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Social and visual function in nystagmus
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  1. R F Pilling1,
  2. J R Thompson2,
  3. I Gottlob3
  1. 1Department of Ophthalmology, University Hospitals Leicester, Infirmary Square, Leicester LE1 5WW, UK
  2. 2Department of Health Sciences, University of Leicester, 22-28 Princess Road West, Leicester LE1 6TP, UK
  3. 3Department of Ophthalmology, University of Leicester, Robert Kilpatrick Clinical Sciences Building, Leicester Royal Infirmary, PO Box 65, Leicester LE2 7LX, UK
  1. Correspondence to: Professor Irene Gottlob Department of Ophthalmology, Robert Kilpatrick Clinical Sciences Building, Leicester Royal Infirmary, PO Box 65, Leicester LE2 7LX, UK; ig15le.ac.uk

Abstract

Aim: To investigate the influence of nystagmus on visual and social function and determine if parents are able to assess visual and social function in children with nystagmus.

Method: A postal questionnaire comprising 14 questions related to visual function (VF-14) and questions pertaining to social function were sent to all 1013 members of the Nystagmus Network—a UK based organisation for nystagmus sufferers and their families. Visual and social function scores were compared by regression analysis.

Results: 180 adult, 233 parent, and 124 child questionnaires were returned. Idiopathic nystagmus was the most common cause. In adults the mean VF-14 score indicated very low visual function, in the same range as patients assessed in low vision services. Children’s visual function scored better than adults, between scores of patients with age related macular disease and corneal grafts. There was a strong correlation between perceived visual and social function for adults (p<0.001) and parental assessment of their children (p<0.001), but not between child self assessment of visual and social function. There was strong correlation between parental and child assessment of visual and social function (p<0.001, p<0.001)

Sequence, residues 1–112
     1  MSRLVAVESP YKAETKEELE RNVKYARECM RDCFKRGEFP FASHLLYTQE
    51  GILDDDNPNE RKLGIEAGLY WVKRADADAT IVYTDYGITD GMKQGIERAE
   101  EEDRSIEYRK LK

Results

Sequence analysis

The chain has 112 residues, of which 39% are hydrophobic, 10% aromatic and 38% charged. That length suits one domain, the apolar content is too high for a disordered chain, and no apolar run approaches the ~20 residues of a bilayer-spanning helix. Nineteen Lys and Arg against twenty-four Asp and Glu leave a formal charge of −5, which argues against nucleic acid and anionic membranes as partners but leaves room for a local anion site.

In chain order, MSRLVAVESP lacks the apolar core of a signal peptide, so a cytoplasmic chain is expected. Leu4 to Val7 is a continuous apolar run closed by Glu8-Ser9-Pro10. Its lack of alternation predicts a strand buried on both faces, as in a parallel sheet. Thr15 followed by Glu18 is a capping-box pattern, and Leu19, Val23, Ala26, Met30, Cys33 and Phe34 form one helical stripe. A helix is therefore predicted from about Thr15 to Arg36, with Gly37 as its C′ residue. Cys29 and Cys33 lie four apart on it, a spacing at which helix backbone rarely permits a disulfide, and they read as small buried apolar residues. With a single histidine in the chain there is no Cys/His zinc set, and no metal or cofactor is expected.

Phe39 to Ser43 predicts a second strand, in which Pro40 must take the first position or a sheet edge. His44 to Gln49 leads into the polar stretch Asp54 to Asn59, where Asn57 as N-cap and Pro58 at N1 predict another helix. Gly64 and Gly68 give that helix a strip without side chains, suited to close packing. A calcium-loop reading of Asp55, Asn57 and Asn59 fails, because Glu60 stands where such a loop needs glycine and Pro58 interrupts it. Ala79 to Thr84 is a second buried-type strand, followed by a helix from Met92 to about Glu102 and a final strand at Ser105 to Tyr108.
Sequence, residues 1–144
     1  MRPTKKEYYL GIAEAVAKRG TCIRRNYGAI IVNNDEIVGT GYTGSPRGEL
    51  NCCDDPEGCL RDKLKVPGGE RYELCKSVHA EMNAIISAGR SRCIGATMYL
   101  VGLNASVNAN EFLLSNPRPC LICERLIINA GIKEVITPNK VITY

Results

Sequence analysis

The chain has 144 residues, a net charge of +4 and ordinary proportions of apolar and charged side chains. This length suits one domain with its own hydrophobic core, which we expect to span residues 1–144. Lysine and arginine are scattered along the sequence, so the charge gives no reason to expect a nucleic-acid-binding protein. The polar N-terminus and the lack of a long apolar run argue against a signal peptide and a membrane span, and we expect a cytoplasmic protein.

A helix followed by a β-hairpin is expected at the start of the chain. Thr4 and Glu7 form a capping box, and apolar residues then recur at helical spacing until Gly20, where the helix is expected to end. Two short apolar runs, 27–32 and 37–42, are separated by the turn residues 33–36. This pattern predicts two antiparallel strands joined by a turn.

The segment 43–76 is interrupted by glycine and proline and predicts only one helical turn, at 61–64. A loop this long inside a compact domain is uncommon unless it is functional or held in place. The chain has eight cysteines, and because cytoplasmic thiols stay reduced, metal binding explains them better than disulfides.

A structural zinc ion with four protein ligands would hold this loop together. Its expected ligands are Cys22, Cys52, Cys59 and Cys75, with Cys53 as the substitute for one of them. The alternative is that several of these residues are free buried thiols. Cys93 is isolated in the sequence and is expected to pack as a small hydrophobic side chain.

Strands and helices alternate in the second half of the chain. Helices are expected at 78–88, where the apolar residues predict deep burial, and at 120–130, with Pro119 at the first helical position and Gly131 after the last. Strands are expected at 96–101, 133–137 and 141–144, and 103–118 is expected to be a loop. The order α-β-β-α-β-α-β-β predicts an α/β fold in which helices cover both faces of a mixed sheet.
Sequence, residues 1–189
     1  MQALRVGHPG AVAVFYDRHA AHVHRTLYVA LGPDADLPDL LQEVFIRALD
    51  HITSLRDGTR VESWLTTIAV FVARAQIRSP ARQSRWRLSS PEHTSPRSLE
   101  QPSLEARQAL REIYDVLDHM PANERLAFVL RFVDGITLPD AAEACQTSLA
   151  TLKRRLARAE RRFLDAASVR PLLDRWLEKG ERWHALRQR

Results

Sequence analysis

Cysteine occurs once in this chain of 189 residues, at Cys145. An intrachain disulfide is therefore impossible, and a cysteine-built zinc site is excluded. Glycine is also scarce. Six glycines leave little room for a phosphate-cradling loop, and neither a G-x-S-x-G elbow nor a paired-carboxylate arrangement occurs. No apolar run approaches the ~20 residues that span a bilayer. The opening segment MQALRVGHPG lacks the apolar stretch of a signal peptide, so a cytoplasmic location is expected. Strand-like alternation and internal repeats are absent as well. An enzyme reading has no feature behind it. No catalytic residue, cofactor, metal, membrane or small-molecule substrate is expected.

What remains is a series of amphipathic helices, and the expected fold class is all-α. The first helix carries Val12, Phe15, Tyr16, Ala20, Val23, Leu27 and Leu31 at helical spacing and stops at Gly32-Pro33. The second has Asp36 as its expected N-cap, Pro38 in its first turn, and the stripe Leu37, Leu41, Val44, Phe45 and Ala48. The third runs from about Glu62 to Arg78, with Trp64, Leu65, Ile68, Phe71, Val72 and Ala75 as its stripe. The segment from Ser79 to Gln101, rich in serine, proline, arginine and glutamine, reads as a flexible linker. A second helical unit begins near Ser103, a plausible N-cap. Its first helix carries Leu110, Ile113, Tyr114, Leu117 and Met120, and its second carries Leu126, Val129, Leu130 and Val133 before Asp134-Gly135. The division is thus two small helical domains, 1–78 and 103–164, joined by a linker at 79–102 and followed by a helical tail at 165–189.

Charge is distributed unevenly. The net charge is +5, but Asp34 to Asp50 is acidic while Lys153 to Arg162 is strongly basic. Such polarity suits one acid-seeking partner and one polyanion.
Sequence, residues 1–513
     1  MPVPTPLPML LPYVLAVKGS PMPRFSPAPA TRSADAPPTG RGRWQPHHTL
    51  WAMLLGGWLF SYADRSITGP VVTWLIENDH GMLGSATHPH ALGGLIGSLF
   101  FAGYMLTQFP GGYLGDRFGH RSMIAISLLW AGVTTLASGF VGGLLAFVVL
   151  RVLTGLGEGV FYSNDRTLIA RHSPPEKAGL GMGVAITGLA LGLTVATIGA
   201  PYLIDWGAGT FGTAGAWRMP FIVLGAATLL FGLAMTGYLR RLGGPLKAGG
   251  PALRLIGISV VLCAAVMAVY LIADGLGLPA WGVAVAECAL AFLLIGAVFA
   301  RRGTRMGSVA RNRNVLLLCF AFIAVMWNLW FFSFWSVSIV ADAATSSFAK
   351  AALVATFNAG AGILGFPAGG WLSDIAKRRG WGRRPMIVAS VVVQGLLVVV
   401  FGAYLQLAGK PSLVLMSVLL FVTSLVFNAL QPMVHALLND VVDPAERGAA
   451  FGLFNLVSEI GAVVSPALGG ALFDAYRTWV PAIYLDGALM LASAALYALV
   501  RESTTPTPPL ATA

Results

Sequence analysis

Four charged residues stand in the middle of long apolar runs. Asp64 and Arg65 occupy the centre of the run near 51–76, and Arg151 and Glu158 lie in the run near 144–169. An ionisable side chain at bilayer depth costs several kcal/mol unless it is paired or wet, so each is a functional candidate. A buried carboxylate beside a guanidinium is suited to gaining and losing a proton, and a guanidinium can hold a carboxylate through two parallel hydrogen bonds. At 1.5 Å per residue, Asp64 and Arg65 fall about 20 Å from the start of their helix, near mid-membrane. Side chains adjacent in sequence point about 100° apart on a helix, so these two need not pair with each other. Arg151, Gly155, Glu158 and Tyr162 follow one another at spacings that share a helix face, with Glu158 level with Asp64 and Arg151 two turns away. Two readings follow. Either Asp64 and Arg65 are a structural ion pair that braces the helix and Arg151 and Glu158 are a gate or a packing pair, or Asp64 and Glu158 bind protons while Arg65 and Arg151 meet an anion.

Conclusion: Questionnaires indicated that nystagmus is associated with very low visual function. There is a strong correlation between visual and social impairment. The authors have shown for the first time in an ophthalmic disease that parents are able to estimate the impact of nystagmus on their child both in terms of visual and social functioning, although they underestimate the impact of nystagmus on emotional aspects of wellbeing.

  • NN, Nystagmus Network
  • SF, social function
  • VF, visual function
  • nystagmus
  • quality of life
  • epidemiology
  • visual function
  • NN, Nystagmus Network
  • SF, social function
  • VF, visual function
  • nystagmus
  • quality of life
  • epidemiology
  • visual function

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Footnotes

  • Competing interests: none declared